I'd also like to point out that where people frequently grow up speaking different languages from their grandparents, it rarely happens within the same country unless they're forced not to. Polish parents in Poland will still speak Polish to their children, unless they're forced not to. French parents in France will speak French to their children, unless they're forced not to. Furthermore, Poland still speaks Polish even if it's not useful anywhere else, so trying to say Ireland just dropped their native language, all at once no less, because "English opens more doors" not only ignores giant chunks of history, but makes... very little sense. Why would people drop the native language if they planned on staying in Ireland anyway? Why didn't every other country, especially those worse off than Ireland, drop their native language and learn English/Spanish/French? Why would an entire country change its language based on emigrants?
People rarely, and boy do I mean rarely, just stop speaking a language. My Irish family didn't even give up their native tongue when they moved to the US (most people don't tbh) so why on earth would the entire country?
Well, it wasn't just a "few emigrating natives". Ireland held the claim of being the only country in the world that suffered population decline for a period of nearly 150 years. Connaught, Munster and Ulster still have lower populations in 2018 than they did in 1841. The only province that has shown population growth is Leinster. Of the 26 counties in the Republic only 4, all close to Dublin have shown any growth, Dublin itself along with Meath, Kildare, and Wicklow. The other 22 counties still have lower figures than they did 177 years ago. The decline was also not an instant snap your fingers and poof they are all gone type of decline. It was a steady continuous year by year decade by decade decline. The combined population of Connaught and Munster in 1841 was 3.811 million. In 2016 it stood at 1.425 million, only 37% of what it had been. Every census from 1841 to 1971, of which there are 16 show a decline in Connaught. Munster showed continuous decline until the 1960's. Leinster showed continuous decline from 1841-1926 but only surpassed its' 1841 figure in 2002.
I'm afraid the analogy of not seeing "the US magically speaking French" can only be interpreted as a complete non sequitur. The fact that you and numerous US citizens live there (in France) bears no reference to what language is spoken in the US. Also, on a language forum like Duolingo we are all doing our best trying to learn what we can, I wouldn't go boasting about your intolerance to the language of your host country.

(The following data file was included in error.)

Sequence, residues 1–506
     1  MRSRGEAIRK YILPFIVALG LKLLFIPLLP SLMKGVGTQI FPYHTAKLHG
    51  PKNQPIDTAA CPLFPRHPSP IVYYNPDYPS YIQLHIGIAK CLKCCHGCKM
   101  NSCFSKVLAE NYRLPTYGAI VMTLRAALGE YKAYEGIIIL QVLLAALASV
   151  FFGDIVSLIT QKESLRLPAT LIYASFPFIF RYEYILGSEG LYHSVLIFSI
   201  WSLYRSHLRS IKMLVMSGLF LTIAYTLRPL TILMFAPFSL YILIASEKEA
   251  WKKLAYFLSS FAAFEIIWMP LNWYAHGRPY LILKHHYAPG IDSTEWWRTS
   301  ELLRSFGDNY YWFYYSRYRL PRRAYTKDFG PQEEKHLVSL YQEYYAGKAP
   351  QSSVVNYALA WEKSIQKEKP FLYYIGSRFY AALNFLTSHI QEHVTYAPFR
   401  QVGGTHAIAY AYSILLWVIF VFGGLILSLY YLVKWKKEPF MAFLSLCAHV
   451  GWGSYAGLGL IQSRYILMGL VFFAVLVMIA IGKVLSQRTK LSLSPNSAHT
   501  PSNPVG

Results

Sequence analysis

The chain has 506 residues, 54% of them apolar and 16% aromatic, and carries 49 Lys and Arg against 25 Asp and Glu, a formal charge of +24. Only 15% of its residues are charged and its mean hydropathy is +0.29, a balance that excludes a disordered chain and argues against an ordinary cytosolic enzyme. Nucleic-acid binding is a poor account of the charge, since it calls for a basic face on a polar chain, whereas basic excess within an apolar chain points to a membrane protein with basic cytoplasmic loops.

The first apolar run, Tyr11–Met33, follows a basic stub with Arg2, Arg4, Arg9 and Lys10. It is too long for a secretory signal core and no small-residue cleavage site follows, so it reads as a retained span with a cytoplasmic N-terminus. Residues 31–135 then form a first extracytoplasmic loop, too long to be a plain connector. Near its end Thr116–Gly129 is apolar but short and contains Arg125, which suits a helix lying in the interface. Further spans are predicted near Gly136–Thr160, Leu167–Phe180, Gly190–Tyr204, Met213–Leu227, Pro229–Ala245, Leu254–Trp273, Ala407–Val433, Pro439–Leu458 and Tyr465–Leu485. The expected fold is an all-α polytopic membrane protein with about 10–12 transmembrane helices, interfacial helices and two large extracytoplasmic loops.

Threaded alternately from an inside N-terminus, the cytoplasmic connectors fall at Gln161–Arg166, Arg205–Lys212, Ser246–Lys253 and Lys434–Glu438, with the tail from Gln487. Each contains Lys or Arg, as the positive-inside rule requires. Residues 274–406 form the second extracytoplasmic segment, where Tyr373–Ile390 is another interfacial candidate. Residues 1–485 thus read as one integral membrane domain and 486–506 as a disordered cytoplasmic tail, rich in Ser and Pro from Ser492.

The other mistake we tend to make in wondering why the Irish Language all but died is that often our frame of reference starts in the 19th century. Events such as the Education Act of 1831 and the Great Famine in the 1840's were definitely nails in the coffin but the body was already in it. As Don Piatt points out the last authentic native speakers in Wicklow were already dead in 1830.
You have to go far further back in history. A good starting point is the Statutes of Kilkenny in 1366, this was a series of 45 acts designed to crush any association with Irish by English settlers - speaking the language was forbidden and the penalty for doing so was confiscation of land and belongings.
Fast forward to the 1640's and you have the most brutal period in Irish history under Oliver Cromwell. Using the term "brutally expunged" here hardly does justice to the savagery inflicted on Irish speakers and anything associated with Irish customs during that period. Many historians argue that this period is the worst genocide and ethnic cleansing episode prior to the 20th century.
When Cromwell started the estimated population of Ireland was 1.5 million, by the time he finished it was down to 600,000. He had murdered over 600,000, not all in war, many were killed in cold blood just because of who they were.
A further 300,000 were sold as slaves. The Irish slave trade gets little press but it is part of the horrors of the past. By 1650 70% of the population of Montserrat were Irish slaves. Cromwells' motto "To hell or to Connaught" is a phrase most Irish schoolboys would have learned, the reality is no one ever got the Connaught option.
So, the killing of the language can hardly be described as voluntary, the project was 800 years in the making. Irish history is neither pretty nor romantic yet we have a great way of making it so.
I can't even begin to describe the Irish psyche in relation to the English as we have all been Anglicised since time immemorial but there is something deeper in the Celtic blood.